In the 35.64-mg/kg/d group of the toxicity study, parent drug was detected in the serum of all 4 goats for which assaying was done 1 day after dosing and in the serum of 1 of the 4 goats for which assay was done 2 days after dosing. Only 1 of the 3 goats given 23.67 mg of levamisole HCl/kg/d had a detectable serum concentration of levamisole 1 day after dosing, and none of the goats had detectable serum levamisole concentrations 2 days after the final dose was given. One of the 3 goats for which assaying followed dosing of 11.88 mg/kg/d had measurable levamisole serum concentrations that persisted for 4 days after dosing; the apparent serum half-life of elimination for levamisole in this goat was 19.4 hours. Serum concentrations of levamisole at 1 day after dosing did not correlate with signs of toxicosis in goats immediately following dosing.

Liver, kidney, and muscle samples from 25 goats given a single oral dose of 11.88 mg levamisole HCl/kg were analyzed for drug residues 1, 2, 3, 4, and 7 days after dosing (5 goats/sampling time). Within goats, the highest concentrations of levamisole were found in the liver, followed by kidney and then muscle. Depletion of levamisole from the liver was modeled as a single exponential decay function; using means, or an estimate of the 95th percentile of the population, from days 1, 2, 3, and 4 after dosing resulted in values for apparent half-lives of elimination of 1.4 and 1.2 days, respectively. Adjusting the means and 95th percentile estimates by eliminating observations > 3 sd from the mean had little effect on the apparent half-lives of elimination (1.3 and 1.6 days), although the degree of fit was improved 17 and 28%, respectively. Fitting of the outlier values of levamisole liver concentrations to a similar monoexponential equation resulted in an estimate of the apparent half-life of elimination of 2.4 days. Levamisole concentrations in kidney and muscle decreased too rapidly to model their elimination rates.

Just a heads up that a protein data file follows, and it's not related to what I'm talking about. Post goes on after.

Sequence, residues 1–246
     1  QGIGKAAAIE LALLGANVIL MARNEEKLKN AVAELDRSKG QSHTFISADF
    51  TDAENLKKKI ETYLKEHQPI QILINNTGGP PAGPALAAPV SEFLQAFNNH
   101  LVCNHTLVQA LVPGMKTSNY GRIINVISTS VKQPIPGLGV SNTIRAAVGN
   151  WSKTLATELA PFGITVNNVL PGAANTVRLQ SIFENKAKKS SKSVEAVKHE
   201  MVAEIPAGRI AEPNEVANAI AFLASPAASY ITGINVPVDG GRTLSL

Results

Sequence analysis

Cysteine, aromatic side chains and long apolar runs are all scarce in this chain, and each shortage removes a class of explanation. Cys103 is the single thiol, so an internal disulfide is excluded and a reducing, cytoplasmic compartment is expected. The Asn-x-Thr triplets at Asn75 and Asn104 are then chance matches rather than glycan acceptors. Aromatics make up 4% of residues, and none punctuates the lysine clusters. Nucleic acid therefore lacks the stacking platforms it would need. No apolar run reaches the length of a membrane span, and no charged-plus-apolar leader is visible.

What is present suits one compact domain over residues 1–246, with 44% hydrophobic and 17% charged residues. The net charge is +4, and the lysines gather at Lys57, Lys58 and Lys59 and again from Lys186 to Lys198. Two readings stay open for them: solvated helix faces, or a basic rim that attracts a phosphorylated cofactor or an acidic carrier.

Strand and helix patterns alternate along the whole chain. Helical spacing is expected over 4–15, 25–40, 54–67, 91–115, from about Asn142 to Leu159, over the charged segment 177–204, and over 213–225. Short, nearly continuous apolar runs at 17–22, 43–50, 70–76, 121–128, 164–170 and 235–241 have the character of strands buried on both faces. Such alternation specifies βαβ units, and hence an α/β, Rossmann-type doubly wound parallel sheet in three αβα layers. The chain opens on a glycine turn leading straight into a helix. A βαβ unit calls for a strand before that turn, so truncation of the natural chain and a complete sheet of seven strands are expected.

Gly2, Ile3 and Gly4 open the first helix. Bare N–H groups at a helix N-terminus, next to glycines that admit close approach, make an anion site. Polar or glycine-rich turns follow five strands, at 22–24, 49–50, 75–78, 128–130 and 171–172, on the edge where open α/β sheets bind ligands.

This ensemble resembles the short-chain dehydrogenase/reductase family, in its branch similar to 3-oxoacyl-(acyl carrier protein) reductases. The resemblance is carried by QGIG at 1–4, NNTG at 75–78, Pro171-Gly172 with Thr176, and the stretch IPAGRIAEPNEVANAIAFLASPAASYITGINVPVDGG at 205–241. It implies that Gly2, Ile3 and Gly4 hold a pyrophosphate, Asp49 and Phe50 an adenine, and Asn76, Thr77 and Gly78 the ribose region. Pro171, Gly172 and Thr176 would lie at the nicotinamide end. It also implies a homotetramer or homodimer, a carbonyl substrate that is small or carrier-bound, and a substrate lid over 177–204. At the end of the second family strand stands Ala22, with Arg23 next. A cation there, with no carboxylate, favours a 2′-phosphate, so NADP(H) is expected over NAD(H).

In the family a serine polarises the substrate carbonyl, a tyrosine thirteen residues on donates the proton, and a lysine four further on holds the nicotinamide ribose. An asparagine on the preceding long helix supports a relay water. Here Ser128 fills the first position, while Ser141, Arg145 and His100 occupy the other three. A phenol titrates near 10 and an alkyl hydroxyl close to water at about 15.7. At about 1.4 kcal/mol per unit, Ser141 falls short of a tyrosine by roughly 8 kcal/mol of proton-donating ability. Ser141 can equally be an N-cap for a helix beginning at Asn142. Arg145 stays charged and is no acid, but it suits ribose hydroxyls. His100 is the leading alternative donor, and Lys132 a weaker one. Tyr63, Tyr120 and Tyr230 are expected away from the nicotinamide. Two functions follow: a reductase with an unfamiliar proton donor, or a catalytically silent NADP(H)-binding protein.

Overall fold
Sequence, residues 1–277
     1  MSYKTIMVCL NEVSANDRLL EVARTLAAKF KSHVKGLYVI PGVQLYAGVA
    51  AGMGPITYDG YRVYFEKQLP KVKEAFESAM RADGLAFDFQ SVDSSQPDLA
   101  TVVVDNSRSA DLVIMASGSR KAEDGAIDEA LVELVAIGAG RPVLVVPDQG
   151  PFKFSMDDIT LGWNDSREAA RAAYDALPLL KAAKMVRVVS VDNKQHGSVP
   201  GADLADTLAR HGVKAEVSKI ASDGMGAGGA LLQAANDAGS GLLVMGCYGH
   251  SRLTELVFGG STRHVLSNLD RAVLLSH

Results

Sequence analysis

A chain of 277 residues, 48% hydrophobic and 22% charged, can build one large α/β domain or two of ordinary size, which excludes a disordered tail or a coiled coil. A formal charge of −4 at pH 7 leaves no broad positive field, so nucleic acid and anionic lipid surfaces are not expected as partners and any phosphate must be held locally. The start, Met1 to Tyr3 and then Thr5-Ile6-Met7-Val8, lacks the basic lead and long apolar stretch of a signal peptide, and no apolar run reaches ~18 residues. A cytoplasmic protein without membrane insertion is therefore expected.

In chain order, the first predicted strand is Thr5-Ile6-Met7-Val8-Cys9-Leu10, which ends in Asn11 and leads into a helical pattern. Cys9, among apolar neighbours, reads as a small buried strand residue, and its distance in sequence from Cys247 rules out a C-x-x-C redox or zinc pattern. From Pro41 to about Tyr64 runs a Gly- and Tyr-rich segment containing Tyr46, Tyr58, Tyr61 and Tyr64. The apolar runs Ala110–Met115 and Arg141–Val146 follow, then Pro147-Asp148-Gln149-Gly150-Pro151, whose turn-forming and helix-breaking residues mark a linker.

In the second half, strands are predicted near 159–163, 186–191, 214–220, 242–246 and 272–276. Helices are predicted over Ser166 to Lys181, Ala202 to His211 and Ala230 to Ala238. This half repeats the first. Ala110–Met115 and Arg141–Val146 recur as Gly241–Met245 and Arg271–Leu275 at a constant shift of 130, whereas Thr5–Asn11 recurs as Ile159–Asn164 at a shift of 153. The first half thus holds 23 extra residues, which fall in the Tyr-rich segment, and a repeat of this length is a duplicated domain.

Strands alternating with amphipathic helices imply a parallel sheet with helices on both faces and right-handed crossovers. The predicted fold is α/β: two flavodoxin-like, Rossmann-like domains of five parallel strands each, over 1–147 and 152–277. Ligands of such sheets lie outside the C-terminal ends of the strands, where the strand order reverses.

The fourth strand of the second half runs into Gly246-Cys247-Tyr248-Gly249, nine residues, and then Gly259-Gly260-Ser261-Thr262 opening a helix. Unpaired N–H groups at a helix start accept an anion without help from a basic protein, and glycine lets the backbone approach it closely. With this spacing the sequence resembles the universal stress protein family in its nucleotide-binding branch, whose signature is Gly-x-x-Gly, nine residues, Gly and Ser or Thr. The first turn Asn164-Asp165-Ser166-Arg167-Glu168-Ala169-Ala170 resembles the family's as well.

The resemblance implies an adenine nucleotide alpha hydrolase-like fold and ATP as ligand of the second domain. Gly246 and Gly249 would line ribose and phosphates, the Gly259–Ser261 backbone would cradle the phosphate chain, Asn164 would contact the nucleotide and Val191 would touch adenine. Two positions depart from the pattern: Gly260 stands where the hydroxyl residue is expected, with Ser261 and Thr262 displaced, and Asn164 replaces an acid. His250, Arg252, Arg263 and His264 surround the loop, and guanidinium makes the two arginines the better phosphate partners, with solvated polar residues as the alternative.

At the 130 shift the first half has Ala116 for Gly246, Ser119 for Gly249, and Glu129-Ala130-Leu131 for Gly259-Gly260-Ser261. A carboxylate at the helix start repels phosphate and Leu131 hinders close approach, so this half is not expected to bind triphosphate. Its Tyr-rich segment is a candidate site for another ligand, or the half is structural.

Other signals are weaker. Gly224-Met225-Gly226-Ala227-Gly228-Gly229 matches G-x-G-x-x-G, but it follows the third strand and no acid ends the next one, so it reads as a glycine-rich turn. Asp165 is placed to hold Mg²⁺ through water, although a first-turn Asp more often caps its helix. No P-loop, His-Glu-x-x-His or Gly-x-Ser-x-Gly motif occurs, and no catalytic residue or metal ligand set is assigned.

On the basis of serum kinetics of levamisole in 1 goat (of 10) for which the serum was assayed and liver depletion rates of levamisole estimated from 8 (of 25) goats, we concluded that goats may possess a genetic polymorphism with respect to levamisole metabolism and could be considered either normal or slow eliminators. Regardless of levamisole phenotype, however, liver residues of levamisole were estimated to be < 100 μg/kg for 9 days following a single, oral dose of 11.88 mg of levamisole HCl/kg.